My Day by Eleanor Roosevelt

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SOMEWHERE IN THE WEST INDIES, Friday—I think I am more deeply impressed by the work of the engineering groups and the Seabees on the different bases on Trinidad than anywhere else, though it is impressive everywhere in this area. In Trinidad the Seabees have cut a base out of the jungle and cleared about 32 square miles. A number of fine roads have been built and one of them looks like an extraordinary feat of engineering.

Sunday morning we visited the naval operating base including the naval air station. Everything was planned in expectation of more active opposition in this area than we have encountered, but our very preparation is what has brought about our safety.

The naval hospital here is a fine hospital with every facility for taking care of the men. There are a few serious accident cases, but all are getting well. One youngster will have a permanent handicap to fight, but he has the stuff to win, I think.

During the day we drove to a high point where there is an extremely interesting station. The officer in charge seemed to feel that he and his men were all one family, and were particularly privileged to be by themselves on top of a mountain! The naval base has many acres of citrus fruit, and if properly taken care of, these orchards ought to provide our men with fresh fruit and be a great asset to the fleet and bases in this area.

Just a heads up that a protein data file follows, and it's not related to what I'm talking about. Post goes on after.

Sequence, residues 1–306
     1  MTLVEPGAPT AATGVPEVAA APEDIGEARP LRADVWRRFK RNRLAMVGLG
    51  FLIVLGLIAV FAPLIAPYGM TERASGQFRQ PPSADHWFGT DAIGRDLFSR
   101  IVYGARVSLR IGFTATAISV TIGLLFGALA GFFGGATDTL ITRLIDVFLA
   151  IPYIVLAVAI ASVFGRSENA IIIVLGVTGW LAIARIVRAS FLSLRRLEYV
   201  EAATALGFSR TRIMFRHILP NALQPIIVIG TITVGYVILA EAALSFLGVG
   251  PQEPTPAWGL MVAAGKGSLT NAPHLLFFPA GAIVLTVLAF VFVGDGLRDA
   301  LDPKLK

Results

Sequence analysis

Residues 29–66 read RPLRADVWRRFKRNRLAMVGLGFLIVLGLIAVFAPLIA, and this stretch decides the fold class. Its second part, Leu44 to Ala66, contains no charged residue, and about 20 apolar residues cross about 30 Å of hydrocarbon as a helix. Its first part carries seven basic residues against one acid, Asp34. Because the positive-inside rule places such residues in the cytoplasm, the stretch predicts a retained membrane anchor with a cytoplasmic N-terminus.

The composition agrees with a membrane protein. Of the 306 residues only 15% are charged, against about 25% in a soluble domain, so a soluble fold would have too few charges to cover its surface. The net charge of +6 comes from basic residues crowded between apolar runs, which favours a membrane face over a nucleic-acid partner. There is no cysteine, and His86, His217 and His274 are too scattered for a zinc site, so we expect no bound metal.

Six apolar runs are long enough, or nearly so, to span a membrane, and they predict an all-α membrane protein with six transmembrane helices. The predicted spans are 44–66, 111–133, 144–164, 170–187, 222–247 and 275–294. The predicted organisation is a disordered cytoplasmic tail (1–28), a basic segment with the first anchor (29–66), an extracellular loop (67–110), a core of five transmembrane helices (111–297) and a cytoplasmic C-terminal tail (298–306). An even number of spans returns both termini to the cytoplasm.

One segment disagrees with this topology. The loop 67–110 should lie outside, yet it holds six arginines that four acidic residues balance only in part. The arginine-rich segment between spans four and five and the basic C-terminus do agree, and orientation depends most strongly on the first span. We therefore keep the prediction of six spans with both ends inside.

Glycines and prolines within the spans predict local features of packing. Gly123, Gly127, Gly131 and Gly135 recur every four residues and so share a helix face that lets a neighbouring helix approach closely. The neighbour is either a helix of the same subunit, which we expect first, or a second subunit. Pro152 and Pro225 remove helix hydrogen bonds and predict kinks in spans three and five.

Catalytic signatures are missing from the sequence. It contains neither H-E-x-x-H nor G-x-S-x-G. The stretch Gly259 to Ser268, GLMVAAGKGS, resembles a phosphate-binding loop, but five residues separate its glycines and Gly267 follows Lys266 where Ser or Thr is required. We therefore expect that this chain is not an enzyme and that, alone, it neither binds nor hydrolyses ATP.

Sir Bede Clifford and several of the island officials met me on our arrival in Trinidad, and we met again at a dinner at the Officers' Club at Macqueripe. There is a beautiful view of the harbor from this club, and it is in every way a charming spot with a good swimming beach.

We saw the most wonderful recreation area at Scotland Bay which was developed by the men on the station and the men from the ships which come in here. Everything that anyone could possibly want to do out of doors is at hand. Some of the men were doing some fancy diving; others were practicing upsetting in a rubber boat and climbing back. Basketball, horse shoe pitching, and just lying in the sun with the prospects of food cooked on the out of door grills and soft drinks and beer when they wanted them seemed to provide a good day's outing to all.

I also saw the recreation rooms for enlisted men on the post, and one club for the non-commissioned officers, all of which must help to build up morale—that intangible thing that nobody likes to talk about but which everybody thinks about. In the evening I went to two USO clubs in Port of Spain. Both were well equipped and crowded.

I would like to mention the work of a Colored Naval construction unit which has done such good work that it has earned a wonderful reputation among all the officers.

E. R.
TMs, AERP, FDRL